EACH WORD of the Lord's Prayer is a tribute we pay to the perfections of God. We honor His fertility by the name of Father:
Who throughout eternity
Dost beget a Son
Who is God like Thee----
Eternal, consubstantial with Thee
WHO Is the very same essence As Thee;
And is of like power
As Thou art . . .
Father and Son
Who from Thy mutual love
Produce the Holy Spirit
Who is God like unto Thee;
Three Persons But one GOD.
Our Father----this means that He is the Father of mankind because He has created us and continues to sustain us, and because He has redeemed us. He is also the merciful Father of sinners, the Father Who is the friend of the just and the glorious Father of the blessed in Heaven.
When we say Who art, by these words we pay tribute to the infinity and immensity and fullness of God's essence. God is rightly called "He Who is" (Exodus 3: 14); that is to say, He exists of necessity, essentially, and eternally, because He is the Being of beings and the cause of all beings. He possesses within Himself, in a supereminent degree, the perfections of all beings and He is in all of them by His essence, by His presence and by His power, but without being bounded by their limitations. We honor His sublimity and His glory and His majesty by the words Who art in Heaven, that is to say, "Who is seated as on a throne, holding sway over all men by Thy justice."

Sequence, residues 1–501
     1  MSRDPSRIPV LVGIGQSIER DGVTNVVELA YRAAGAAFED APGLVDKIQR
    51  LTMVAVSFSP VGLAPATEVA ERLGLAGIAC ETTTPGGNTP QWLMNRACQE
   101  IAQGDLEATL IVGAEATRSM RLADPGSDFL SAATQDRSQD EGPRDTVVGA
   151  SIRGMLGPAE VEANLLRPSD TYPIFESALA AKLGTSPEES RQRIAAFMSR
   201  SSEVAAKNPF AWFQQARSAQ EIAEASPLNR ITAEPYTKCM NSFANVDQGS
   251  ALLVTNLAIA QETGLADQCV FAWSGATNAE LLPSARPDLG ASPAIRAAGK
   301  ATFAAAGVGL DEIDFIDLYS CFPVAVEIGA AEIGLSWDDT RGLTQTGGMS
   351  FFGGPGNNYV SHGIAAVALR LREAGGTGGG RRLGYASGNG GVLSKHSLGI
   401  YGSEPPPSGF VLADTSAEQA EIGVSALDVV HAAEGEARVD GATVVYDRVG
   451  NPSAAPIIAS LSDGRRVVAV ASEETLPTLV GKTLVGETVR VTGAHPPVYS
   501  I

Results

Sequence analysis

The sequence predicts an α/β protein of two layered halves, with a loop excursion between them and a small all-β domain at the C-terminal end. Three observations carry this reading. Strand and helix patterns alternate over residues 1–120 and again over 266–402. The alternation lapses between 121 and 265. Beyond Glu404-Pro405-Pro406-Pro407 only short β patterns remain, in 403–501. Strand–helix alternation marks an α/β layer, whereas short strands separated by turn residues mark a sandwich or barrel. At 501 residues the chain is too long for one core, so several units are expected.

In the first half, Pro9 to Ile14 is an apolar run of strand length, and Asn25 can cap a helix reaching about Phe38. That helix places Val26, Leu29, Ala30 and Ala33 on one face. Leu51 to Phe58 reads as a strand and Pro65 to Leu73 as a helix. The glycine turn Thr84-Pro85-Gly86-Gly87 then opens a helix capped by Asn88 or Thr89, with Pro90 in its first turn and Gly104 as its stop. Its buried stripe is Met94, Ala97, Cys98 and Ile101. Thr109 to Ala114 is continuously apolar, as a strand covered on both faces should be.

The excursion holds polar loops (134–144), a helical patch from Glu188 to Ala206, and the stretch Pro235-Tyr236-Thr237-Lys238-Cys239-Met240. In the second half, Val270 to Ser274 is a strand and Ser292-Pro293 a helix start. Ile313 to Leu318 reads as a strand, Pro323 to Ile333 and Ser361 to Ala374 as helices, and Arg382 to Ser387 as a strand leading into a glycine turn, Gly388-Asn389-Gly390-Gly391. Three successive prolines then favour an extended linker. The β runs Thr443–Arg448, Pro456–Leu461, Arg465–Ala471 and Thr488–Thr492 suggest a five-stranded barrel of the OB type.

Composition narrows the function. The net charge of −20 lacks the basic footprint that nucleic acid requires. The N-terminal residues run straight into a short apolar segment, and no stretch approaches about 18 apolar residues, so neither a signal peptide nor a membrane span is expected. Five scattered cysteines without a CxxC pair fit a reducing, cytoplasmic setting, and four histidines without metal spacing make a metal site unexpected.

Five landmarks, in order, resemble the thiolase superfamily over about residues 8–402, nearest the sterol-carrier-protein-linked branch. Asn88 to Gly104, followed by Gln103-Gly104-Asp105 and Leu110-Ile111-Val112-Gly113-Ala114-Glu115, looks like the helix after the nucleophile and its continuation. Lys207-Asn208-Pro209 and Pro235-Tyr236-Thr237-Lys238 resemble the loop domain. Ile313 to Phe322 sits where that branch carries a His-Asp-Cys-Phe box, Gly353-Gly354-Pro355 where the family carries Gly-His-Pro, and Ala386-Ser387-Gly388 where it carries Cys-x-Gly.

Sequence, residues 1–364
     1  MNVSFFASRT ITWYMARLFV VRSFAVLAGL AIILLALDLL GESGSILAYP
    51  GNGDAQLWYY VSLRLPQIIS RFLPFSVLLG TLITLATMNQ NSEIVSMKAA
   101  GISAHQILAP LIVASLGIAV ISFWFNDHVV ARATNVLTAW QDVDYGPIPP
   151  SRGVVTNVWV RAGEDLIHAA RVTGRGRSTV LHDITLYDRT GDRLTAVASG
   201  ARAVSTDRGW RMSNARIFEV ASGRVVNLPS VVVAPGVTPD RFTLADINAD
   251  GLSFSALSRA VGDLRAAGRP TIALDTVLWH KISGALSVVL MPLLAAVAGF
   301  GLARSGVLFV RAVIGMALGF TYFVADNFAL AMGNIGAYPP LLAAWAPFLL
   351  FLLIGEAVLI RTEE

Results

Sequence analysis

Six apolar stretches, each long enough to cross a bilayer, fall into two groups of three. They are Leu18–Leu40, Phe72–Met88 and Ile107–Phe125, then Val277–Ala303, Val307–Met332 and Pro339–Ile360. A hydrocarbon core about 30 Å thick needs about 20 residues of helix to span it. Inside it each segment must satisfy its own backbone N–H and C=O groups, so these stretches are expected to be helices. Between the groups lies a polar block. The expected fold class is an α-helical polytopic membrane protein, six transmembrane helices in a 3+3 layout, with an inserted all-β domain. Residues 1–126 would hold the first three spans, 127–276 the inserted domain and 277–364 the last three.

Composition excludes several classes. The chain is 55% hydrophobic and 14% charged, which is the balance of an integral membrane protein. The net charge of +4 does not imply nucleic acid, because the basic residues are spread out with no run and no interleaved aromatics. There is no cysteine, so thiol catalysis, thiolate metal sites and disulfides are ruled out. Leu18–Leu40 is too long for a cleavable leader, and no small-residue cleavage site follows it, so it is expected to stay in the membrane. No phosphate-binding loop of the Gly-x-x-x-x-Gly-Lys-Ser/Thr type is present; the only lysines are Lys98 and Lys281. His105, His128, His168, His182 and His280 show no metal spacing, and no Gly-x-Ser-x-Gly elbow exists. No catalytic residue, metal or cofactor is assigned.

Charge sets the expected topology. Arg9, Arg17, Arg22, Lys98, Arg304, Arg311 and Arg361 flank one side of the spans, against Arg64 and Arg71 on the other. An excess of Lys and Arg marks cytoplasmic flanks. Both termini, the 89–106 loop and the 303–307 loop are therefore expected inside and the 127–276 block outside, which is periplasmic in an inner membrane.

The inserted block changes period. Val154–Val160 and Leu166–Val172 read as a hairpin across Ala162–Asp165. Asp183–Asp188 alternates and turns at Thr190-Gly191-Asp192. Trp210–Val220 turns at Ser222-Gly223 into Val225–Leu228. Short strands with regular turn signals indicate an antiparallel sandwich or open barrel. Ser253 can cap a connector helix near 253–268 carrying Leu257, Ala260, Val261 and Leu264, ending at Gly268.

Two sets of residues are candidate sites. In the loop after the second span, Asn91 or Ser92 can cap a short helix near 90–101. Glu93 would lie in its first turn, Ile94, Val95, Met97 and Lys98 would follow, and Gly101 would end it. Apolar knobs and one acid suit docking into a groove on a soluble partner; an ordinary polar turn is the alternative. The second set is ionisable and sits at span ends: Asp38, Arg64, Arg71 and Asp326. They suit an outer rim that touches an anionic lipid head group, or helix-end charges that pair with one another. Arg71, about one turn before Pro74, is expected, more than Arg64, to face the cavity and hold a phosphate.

When we say hallowed be Thy name we worship God's holiness; and we make obeisance to His Kingship and bow to the justice of His laws by the words Thy Kingdom come, praying that men will obey Him on earth as the Angels do in Heaven.
We show our trust in His Providence by asking for our daily bread, and we appeal to His mercy when we ask for the forgiveness of our sins.
We look to His great power when we beg Him not to lead us into temptation, and we show our faith in His goodness by our hope that He will deliver us from evil.
The Son of God has always glorified His Father by His works and He came into the world to teach men to give glory to Him. He showed men how to praise Him by this prayer which He taught us with His Own lips. It is our duty, therefore, to say it often----we should say it reverently and attentively and in the spirit in which Our Lord taught it.
From page 39 and 40
Nihil Obstat, Gulielmus F. Hughes, S.T.L., Censor Librorium
Imprimatur, Thomas Edmundus Molloy, S.T.D., Archiepiscopus-Episcopus Brooklyniensis, 1954 For more, see The Holy Rosary
St. Louis-Marie Grignon de Montfort's The Secret of the Rosary